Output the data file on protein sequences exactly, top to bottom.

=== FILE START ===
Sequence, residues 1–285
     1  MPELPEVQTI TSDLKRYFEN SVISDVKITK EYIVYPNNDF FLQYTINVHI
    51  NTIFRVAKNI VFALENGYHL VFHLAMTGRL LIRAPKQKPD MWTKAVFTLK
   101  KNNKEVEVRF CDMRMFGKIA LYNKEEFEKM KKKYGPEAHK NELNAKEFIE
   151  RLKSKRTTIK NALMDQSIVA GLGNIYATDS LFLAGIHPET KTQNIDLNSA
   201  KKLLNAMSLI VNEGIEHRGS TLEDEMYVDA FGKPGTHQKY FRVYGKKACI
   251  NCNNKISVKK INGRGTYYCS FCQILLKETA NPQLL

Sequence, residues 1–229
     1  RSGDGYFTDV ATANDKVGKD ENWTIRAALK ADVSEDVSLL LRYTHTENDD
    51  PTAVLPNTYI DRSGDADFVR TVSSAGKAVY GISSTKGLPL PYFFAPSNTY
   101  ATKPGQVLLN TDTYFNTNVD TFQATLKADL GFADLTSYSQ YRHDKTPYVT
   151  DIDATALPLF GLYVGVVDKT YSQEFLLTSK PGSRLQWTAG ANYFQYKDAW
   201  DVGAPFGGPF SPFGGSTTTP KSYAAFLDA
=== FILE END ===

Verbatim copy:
Sequence, residues 1–285
     1  MPELPEVQTI TSDLKRYFEN SVISDVKITK EYIVYPNNDF FLQYTINVHI
    51  NTIFRVAKNI VFALENGYHL VFHLAMTGRL LIRAPKQKPD MWTKAVFTLK
   101  KNNKEVEVRF CDMRMFGKIA LYNKEEFEKM KKKYGPEAHK NELNAKEFIE
   151  RLKSKRTTIK NALMDQSIVA GLGNIYATDS LFLAGIHPET KTQNIDLNSA
   201  KKLLNAMSLI VNEGIEHRGS TLEDEMYVDA FGKPGTHQKY FRVYGKKACI
   251  NCNNKISVKK INGRGTYYCS FCQILLKETA NPQLL

Sequence, residues 1–229
     1  RSGDGYFTDV ATANDKVGKD ENWTIRAALK ADVSEDVSLL LRYTHTENDD
    51  PTAVLPNTYI DRSGDADFVR TVSSAGKAVY GISSTKGLPL PYFFAPSNTY
   101  ATKPGQVLLN TDTYFNTNVD TFQATLKADL GFADLTSYSQ YRHDKTPYVT
   151  DIDATALPLF GLYVGVVDKT YSQEFLLTSK PGSRLQWTAG ANYFQYKDAW
   201  DVGAPFGGPF SPFGGSTTTP KSYAAFLDA